The public project for the Mitchell Museum centers on the unique architectural feature of an exterior support beam located at the north end of the building. During a site visit in 2012, I asked myself “What unusual characteristics define the architecture? What is the purpose of the 15 degree angle in the roof’s support beam?” The bent gesture of the preexisting beam inspired a skeletal and muscular form that supports the museum roof. The art magnifies the column’s implied joint and upward movement. The installation functions as both an architectural intervention and artwork in dialogue with the physical space of the museum and the people that make up its community.
To honor the founding Executive Director, Stephanie Riven, COCA commissioned this permanent installation in the architectural addition to the original Erich Mendelsohn design of Synagogue B’Nai Amoona. The aim of the artwork was to celebrate a place of diverse people, interests and creativity.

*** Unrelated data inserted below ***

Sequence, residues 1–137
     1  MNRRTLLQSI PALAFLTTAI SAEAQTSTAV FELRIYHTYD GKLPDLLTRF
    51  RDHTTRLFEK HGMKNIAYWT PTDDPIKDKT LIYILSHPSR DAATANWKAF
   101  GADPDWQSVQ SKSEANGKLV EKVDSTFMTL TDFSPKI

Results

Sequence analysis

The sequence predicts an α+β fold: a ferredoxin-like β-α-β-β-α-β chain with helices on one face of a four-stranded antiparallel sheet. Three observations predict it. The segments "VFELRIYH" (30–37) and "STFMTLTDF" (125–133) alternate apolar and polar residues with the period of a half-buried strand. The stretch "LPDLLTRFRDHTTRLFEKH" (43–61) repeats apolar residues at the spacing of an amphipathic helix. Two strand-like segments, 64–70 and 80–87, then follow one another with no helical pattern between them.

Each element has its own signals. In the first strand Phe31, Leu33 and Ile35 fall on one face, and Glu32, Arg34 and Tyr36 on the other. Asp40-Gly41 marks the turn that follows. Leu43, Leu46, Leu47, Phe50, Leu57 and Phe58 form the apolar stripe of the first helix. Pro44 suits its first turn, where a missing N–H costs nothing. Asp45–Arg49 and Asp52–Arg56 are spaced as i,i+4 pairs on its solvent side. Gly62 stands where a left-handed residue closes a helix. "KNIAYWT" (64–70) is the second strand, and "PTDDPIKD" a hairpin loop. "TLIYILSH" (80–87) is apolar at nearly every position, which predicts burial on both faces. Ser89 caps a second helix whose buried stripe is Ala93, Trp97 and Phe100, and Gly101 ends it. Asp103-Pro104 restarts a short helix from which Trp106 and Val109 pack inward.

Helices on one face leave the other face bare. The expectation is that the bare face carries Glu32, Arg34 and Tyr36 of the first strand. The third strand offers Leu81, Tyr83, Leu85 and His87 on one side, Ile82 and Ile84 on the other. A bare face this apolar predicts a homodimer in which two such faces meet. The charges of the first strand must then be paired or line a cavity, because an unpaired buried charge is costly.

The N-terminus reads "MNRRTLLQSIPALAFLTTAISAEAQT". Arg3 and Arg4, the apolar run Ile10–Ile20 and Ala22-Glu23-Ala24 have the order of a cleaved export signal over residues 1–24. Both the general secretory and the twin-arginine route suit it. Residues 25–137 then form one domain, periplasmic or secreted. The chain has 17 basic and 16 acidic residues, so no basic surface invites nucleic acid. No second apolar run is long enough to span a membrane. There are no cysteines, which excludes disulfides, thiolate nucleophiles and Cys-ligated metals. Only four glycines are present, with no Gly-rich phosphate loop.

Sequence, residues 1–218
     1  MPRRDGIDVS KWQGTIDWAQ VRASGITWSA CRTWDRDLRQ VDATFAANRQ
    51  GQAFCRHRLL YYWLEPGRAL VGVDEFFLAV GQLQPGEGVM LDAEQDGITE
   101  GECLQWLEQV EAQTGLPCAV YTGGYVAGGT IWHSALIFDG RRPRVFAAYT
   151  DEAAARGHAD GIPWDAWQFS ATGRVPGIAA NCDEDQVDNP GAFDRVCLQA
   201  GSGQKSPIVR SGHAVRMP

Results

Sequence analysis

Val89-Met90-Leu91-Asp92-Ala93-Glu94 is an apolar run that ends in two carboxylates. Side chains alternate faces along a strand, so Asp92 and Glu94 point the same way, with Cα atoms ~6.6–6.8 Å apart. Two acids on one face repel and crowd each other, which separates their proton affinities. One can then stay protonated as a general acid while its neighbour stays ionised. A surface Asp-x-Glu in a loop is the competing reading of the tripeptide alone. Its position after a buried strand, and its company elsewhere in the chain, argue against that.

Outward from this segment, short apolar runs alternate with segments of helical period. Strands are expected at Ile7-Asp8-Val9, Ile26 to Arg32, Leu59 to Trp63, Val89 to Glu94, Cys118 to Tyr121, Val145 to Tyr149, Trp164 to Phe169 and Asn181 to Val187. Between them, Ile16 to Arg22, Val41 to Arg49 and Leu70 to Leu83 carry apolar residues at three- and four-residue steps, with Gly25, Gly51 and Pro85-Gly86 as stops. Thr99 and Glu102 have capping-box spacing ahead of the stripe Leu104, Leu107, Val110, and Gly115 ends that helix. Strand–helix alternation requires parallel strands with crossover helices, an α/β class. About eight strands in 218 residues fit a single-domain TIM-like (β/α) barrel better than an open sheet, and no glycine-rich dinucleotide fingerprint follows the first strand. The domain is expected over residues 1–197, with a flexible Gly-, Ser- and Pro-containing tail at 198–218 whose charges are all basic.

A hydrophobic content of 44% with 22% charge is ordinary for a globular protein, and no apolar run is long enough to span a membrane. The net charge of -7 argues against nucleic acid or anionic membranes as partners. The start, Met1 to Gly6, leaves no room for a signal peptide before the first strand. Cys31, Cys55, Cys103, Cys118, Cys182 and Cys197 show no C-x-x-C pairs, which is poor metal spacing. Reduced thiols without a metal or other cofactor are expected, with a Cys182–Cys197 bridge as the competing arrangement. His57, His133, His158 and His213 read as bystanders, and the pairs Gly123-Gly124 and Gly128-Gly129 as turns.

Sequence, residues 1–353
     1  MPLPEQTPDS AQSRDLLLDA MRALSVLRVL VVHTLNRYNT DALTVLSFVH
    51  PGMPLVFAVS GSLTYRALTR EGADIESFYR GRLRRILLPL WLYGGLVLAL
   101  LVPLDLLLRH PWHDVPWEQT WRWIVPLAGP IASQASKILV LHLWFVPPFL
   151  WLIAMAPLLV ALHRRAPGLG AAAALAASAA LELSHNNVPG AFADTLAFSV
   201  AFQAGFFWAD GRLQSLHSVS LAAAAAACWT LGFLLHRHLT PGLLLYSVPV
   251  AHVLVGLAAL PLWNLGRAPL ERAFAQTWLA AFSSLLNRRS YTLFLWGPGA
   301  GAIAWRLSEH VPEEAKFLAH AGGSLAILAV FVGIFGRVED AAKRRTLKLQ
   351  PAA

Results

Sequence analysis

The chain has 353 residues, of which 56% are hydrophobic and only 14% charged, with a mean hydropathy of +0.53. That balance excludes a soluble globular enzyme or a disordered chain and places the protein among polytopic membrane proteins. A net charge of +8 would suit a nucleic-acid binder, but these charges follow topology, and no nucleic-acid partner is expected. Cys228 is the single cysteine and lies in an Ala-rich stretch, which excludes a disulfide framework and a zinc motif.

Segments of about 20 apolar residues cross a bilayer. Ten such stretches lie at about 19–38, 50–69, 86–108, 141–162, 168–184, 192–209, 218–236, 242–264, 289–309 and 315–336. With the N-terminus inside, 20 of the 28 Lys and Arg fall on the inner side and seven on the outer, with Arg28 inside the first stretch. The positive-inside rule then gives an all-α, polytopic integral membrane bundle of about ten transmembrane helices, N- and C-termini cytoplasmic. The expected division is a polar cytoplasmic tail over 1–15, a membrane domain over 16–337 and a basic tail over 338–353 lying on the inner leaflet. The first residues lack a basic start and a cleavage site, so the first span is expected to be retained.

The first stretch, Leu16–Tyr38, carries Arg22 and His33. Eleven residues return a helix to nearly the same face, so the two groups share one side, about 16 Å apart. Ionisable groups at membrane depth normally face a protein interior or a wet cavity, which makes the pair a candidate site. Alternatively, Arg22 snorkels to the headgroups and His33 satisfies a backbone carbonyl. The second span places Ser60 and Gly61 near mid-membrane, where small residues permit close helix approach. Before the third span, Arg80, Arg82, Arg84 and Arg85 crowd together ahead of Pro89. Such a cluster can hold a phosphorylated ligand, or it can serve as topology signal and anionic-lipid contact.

Chosen from a field of sixty national and international artists, our project aimed to transform the COCA entrance into an interactive installation of sculpture, light, color and sound. The skin-like topography of the wall expresses subtle movements, like a dancer’s stretch or a river’s waves flowing together in a soothing rhythm.
Visitors’ movements trigger motion detectors that activate soundscapes, coordinated lighting, color and pattern transitions that transform the space into personalized, continually-changing experience.